Looking at some of the pieces that have recently come out of the kiln, like the one above, anybody might think that Peter Arscott Ceramics is keen on making work that displays the principles of movement, by showing flowing lines and edges that we find in the natural world. But it is rhythm and pattern in the mark making that is of primary concern and this sometimes leads to this impression of movement – repetition of elements or colours. We are just as keen on placing spots on the surfaces, which achieve the opposite, anchoring a design, like the one below.
Talking of repetition, staff meetings are held regularly at PAC. One was recently held to discuss stock levels. Over coffee, Thelonious (pug mill), Spyridon (marketing), Ziggy (fly control) and I agreed that there is nothing worse than having stock that is uncherished and unseen. Subsequently, we are going to display those pieces that didn’t quite make the grade, those “not quite right” vases, those skewed pieces, those stunted or, frankly, unresolved ceramics that have been lurking in some dark corner of the studio, forgotten and unloved but which will for once have a chance to have others cast their eyes on them and decide their worth.
Because all these stoneware vessels are fired to such a high temperature in the kiln (1270°) they are essentially vitrified and will withstand any temperature out in the garden. They are frost-proof. And you’d be surprised how good the most questionable ceramic can look once it has been strategically placed outdoors among shrubs and bushes, or on terraces, or on a balcony or windowsill with suitable plants in them. You may even like one enough to put on your kitchen table, but what I am saying is that despite their flaws they retain some allure if carefully positioned around or outside the house.
So obviously we are not going to charge you for any of these little ceramic orphans. No. We are going to ask those of you who come to see and take, to leave a donation in a box that will be left outside in the garden near the display. You can leave as much or as little as you like, but it will go to a charitable cause.
Thelonious wanted any money to go to a retirement scrapyard for old pugmills, Spiro pressed for donations to go to a home in Greece for retired goatherds, and Ziggy, despite our best attempts at explaining the idea of “charitable” to him, wanted to invest it all in a large glass maggot-breeding farm and fly dispenser. However, as the boss, I have decided that it should go to towards the Ledbury Poetry Festival Community Projects at the new Poetry House in Ledbury to help cater for the many communal events planned to take place there.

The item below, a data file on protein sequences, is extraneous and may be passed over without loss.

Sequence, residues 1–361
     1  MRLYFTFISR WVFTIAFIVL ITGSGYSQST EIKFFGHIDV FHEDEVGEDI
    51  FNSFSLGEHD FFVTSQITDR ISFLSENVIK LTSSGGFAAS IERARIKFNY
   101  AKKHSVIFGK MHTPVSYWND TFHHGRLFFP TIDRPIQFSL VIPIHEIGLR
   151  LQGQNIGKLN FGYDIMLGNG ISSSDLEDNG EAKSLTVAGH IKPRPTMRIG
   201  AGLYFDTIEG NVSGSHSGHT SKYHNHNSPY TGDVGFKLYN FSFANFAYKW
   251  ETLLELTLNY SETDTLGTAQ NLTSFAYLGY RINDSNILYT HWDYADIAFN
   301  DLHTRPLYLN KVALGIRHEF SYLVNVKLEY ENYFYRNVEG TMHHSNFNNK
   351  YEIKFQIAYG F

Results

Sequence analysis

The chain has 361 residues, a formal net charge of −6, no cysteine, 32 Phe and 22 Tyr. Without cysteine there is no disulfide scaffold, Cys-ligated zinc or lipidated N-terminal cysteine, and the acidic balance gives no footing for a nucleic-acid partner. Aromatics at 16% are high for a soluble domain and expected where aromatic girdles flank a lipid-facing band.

“What’s poetry got to do with pottery?” sneered the sulking Ziggy.
“The only difference is the letter t” I riposted.
“You’ve said that so many times before that it is no longer witty,” murmured Spiro.
“Yes,” added Thelonious, “you are repeating yourself quite often nowadays.”
“Listen, you lot,” I said with rising anger, “this is all a bit rich coming from a cast iron contraption that can only compress used clay! As for you, Spyridon, I haven’t heard you ever say anything witty, possibly because you are a third century goatherd and Bishop of Trimythous, but mainly (I suspect) because you are a figment of my imagination, one to whom I have entrusted this enterprise’s marketing campaign!”
There was a hushed silence in the studio.
“And Ziggy, don’t forget that, as a spider, you are here on sufferance because you keep the fly population under control.”
There followed murmured protests and vague threats of a strike, which (like the present government) I chose to ignore. Then my wife came into the studio with a suspicious look in her eyes and asked me if I’d been talking to myself again, which I denied. Perhaps I have been working on my own too much.
So, if you are interested, please make your way to Oakland House, The Homend, Ledbury, HR8 1AP and park on the road, if you are driving, by the gate, skip up the seven steps into the front garden and have a look. If anything takes your fancy, take it and leave your donation in the nearby box. The images accompanying this blog show some of the ceramics that will be on display. They will be there on Saturday 16th and Sunday 17thJuly, from 10am to 6pm.
For those of you wanting to spend as little as possible (hard times and steeper bills are heading our way, after all) there will also be some small three legged bowls to choose from, mainly from when Peter Arscott Ceramics used to be “belatrova” – you’ll find the “b” mark on those, as opposed to the PAC mark.
Although somebody will be at home , Covid has struck, so nobody contagious will come out to greet you. A forlorn wave from a window is all you might get, though staff, being a machine, a figment and a spider, are not affected. Finally, and with Ziggy’s woeful attitude in mind, and because this is a ceramics blog, and because we have had a highly successful Ledbury Poetry Festival, I’ll finish with the part of the last stanza of John Keat’s poem, Ode to a Grecian Urn:
When old age shall this generation waste,
Thou shalt remain, in midst of other woe
Than ours, a friend to man, to whom thou say’st,
“Beauty is truth, truth beauty, —that is all
Ye know on earth, and all ye need to know.”